MARTIN: I'm trying to understand, though. You see, the dispute has been sort of framed in terms of, you know, the progressives think that - here's how it's being framed in Washington. The progressives think that this is what the country needs, so that's what they should fight for. The moderates are saying the price is too high. The progressives are getting frustrated because they're saying, OK, if the price tag is too high, what would you cut? And they say that the people who are holding out don't - you know, aren't putting forward enough of an argument for what they think is not necessary. So why are they holding out? I'm just trying to understand, like, how do you see it? Is that about right? Is the framing correct here, or are we missing something?
ROMERO: I believe that it is not either/or. I believe that as President Biden said, look, it's about sitting down and saying - what are our priorities, and what can we fund right now? And so if at the end of the day, both bills equal $4 trillion dollars or 3.5 or $5 trillion, it really doesn't matter. It's about the priorities that the president ran on, that Congress ran on and that the senators ran on.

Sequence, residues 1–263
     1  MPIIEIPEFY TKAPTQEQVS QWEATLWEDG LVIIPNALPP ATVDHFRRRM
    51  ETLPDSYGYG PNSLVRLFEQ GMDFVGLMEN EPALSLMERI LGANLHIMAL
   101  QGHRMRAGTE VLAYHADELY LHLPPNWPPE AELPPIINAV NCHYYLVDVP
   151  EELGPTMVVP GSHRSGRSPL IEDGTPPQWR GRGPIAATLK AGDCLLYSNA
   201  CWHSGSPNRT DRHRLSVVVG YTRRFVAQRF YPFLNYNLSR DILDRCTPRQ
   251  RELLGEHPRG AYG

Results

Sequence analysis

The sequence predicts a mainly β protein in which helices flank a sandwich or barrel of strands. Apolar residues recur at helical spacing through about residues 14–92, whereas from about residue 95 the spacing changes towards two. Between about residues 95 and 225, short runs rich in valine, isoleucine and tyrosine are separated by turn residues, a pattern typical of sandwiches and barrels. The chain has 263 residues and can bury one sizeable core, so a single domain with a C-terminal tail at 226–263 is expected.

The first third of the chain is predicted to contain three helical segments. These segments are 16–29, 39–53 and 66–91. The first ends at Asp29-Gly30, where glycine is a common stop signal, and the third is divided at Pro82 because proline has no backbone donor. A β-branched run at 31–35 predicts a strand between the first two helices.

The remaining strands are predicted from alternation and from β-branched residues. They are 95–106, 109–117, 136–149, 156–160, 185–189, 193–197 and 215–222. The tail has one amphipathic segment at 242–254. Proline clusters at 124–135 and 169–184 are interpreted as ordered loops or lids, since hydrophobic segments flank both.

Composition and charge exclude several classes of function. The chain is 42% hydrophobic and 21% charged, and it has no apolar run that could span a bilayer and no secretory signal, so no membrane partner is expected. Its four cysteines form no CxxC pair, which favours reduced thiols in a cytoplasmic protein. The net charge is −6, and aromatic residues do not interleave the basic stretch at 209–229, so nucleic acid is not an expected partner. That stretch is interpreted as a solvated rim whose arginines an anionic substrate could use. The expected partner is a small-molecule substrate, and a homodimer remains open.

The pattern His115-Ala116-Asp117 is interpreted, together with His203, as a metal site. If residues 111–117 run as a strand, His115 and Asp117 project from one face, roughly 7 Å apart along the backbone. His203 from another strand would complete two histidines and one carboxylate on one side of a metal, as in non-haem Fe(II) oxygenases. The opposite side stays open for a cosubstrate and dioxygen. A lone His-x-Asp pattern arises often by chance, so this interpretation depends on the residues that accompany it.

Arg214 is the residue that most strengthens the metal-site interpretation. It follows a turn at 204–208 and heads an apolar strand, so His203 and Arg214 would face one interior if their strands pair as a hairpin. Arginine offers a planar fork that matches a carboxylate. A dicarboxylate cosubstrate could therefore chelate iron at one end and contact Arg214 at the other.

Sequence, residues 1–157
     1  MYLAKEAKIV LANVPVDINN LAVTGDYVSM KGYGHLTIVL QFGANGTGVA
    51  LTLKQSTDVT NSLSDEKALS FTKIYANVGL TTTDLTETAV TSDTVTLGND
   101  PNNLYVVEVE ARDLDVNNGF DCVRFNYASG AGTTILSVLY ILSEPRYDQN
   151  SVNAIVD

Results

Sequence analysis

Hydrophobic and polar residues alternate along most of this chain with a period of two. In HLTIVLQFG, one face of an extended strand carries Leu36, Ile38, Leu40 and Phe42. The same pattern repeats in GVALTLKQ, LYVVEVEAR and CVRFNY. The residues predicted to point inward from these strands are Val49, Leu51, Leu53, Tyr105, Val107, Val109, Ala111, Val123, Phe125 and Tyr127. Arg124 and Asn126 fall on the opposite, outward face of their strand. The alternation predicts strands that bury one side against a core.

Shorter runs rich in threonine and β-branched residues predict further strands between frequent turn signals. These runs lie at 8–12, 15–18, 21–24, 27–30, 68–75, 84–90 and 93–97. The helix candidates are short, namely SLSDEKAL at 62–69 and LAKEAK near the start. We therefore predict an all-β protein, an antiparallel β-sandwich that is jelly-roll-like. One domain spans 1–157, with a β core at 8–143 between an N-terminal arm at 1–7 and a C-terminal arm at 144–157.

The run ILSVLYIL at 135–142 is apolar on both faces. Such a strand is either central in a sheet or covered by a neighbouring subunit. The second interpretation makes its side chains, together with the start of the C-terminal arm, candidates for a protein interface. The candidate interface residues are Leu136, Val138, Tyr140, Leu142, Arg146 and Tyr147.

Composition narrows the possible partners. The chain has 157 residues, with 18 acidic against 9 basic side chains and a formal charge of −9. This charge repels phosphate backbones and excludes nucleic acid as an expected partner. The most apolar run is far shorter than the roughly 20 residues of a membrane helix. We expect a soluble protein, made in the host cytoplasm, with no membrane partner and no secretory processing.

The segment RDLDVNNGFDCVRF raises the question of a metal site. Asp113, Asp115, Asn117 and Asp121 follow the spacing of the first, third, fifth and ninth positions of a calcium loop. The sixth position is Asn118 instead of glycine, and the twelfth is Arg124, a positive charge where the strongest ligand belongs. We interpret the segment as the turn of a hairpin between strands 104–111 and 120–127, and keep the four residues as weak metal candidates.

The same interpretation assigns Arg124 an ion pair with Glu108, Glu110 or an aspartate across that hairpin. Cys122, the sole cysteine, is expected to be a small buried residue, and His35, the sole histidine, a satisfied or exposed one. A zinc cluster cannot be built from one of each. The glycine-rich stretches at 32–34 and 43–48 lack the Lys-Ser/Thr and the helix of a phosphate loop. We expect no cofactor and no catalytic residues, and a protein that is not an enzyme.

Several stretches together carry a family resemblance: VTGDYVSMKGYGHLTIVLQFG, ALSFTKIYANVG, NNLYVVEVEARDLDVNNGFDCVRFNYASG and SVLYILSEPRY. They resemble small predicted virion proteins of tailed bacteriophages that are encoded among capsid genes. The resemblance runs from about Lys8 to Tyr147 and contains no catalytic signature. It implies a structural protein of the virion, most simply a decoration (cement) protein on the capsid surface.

I've known Senator Sinema long enough to know that she is incredibly smart and strategic and will understand that here in Arizona, she has a constituency that is absolutely supportive of her moving forward with investing in the human side of our infrastructure needs.
MARTIN: That was the mayor of Tucson, Ariz., Regina Romero. Madame Mayor, thank you so much for talking with us. I do hope we'll talk again.
ROMERO: Thank you so much. I really appreciate you having me. Transcript provided by NPR, Copyright NPR.